On Wednesday, the East Africa Portland Cement Company (EAPCC) board announced change of guard, sacking Stephen Nthei who was the acting managing director and in his place appointing Daniel Kiprono.
Unknown to many, Nthei was on his third day of a 40-day annual leave, when Kiprono’s appointment was made public.
Behind the scenes, Kiprono had started working as the acting MD, effective Monday, February 8 when Mr Nthei started his leave.
Business Times understands that Nthei’s removal followed boardroom wars between directors over the sale of a 2,000-acre-land in Mavoko, Machakos County.
The company in 2019 had agreed with the Kenya Commercial Bank (KCB) to sell the land (valued at Ksh10 billion), to try and offset its debts, including Ksh6.2 billion owed to KCB.
Nthei, who was appointed to lead the loss-making company in May 2019, favoured the sale of the land by KCB, to fetch over Ksh10 billion.
On the other hand, a section of directors wanted the land sold to a Chinese investor and a Somalia national for Ksh8 billion.
This writer understands that the disagreement has led to extreme boardroom wars, with the wing led by Nthei feeling that the land was undervalued.
The company, which has a number of idle but prime lands (over 12,000 acres) across the country is seeking to sell the pieces to raise capital, in a bid to upgrade its aging plant and repay loans.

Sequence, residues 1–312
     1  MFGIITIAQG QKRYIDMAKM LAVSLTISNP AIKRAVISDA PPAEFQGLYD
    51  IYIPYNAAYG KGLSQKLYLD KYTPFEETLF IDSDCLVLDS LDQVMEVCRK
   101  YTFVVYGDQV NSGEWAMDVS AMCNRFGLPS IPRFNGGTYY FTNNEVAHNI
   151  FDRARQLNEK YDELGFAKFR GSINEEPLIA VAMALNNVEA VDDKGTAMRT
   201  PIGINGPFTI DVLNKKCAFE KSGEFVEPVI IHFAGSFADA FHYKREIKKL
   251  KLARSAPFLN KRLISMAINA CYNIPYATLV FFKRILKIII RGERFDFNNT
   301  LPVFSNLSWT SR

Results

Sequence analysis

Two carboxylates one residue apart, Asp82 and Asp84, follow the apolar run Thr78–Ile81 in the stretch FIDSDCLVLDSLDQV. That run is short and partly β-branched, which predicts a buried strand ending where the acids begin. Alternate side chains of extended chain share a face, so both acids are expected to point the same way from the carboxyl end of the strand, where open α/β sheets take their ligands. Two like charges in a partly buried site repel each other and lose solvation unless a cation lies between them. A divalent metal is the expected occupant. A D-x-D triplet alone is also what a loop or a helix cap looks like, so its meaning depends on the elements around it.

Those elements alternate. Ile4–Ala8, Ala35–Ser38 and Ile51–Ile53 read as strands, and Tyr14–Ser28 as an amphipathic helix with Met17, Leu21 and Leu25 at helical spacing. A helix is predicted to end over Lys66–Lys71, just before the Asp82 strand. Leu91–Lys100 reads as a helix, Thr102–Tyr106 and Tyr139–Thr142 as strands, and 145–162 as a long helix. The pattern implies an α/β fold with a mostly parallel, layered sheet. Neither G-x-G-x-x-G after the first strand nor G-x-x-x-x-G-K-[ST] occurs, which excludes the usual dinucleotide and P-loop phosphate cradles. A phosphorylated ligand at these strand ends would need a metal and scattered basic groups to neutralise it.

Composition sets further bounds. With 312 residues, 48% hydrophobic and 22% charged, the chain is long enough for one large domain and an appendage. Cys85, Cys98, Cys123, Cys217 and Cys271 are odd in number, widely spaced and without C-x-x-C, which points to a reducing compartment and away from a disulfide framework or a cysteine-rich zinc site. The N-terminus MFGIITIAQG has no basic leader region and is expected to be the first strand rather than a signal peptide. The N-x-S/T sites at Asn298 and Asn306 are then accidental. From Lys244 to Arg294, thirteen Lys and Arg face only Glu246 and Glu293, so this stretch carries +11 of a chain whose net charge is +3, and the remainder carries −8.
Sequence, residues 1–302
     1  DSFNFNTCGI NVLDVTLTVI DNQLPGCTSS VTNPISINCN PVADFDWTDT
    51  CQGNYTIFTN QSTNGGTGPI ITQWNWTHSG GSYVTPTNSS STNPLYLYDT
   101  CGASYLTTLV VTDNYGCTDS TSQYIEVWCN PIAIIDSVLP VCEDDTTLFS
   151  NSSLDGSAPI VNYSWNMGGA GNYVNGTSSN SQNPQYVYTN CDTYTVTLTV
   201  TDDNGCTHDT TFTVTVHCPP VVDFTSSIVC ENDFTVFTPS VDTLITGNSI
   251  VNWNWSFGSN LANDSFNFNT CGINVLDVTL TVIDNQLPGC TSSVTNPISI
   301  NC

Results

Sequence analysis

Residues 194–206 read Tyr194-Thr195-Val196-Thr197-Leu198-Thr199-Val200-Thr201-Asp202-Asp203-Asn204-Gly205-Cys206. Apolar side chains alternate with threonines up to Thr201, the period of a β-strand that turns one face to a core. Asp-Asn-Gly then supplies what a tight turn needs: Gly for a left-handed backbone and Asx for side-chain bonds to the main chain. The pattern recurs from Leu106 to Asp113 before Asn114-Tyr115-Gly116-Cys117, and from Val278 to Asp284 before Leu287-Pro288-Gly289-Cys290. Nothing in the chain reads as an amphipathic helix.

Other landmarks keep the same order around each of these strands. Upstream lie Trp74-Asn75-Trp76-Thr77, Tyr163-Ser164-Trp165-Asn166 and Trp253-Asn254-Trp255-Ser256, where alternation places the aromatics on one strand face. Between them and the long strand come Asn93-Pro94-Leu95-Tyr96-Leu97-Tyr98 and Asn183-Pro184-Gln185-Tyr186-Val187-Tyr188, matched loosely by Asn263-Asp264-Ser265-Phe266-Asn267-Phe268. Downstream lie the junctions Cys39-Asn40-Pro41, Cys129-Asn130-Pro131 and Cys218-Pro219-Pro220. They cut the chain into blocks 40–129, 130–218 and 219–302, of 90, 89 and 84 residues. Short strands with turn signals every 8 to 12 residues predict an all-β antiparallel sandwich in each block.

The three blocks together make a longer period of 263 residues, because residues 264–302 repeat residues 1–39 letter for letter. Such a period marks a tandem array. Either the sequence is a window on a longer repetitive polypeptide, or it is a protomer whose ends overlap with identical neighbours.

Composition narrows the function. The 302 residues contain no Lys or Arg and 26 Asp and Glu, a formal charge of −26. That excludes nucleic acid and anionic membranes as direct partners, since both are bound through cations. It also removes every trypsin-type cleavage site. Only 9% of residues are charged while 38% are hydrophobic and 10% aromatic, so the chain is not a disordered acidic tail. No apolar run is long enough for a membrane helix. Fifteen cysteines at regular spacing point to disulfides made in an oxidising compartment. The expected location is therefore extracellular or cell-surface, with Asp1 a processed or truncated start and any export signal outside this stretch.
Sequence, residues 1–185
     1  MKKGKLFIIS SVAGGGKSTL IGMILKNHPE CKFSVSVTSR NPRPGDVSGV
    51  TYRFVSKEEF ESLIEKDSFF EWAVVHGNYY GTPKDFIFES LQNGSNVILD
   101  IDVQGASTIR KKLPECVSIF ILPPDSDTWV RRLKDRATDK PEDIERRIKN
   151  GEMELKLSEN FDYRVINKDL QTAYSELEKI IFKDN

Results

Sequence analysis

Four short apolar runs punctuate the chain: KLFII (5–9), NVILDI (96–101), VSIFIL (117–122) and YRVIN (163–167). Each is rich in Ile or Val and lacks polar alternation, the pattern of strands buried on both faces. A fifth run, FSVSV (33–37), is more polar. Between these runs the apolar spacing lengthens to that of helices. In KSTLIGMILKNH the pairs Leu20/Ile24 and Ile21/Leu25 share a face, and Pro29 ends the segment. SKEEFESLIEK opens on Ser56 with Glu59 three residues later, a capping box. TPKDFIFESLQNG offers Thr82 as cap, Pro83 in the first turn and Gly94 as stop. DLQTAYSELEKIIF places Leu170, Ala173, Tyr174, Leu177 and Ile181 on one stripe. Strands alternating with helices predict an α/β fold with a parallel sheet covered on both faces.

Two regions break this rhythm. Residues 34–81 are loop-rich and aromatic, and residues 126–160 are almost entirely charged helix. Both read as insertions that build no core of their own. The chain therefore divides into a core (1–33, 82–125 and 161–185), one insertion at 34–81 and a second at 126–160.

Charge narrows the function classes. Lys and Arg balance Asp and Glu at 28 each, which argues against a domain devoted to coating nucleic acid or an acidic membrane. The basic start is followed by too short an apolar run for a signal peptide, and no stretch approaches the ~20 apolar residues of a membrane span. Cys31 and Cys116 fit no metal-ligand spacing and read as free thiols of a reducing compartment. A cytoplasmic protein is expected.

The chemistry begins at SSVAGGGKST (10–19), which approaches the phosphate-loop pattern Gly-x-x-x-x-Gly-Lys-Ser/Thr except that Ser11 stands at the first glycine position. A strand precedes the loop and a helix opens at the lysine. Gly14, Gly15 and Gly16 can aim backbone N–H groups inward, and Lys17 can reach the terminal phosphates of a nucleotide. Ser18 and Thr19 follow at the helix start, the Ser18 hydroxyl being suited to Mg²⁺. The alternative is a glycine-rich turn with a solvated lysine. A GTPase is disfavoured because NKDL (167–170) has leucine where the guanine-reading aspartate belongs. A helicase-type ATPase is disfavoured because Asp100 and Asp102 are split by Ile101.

In 2018, EAPCC sold 900 acres at Sh5.2 billion to Kenya Railway Corporation for construction of an inland port currently under way.
The company is also set to lose 4,256 acres to the government for free because it has failed to use it for agricultural use in line with the terms of an allocation deal of 1960.
EAPCC is 52 percent owned by the government (National Social Security Fund (27 percent)), LafargeHolcim (41.7 percent) and six percent by investors at Nairobi Securities Exchange.
EAPCC has had 11 managing directors in the past 18 years, with 10 exiting due to boardroom wars.
Among the most recent MD’s include John Nyambok, Zakayo ole Mapelu, Titus Barmasai, Emmanuel Biria, Simon Ole Nkeri and Kephar Tande.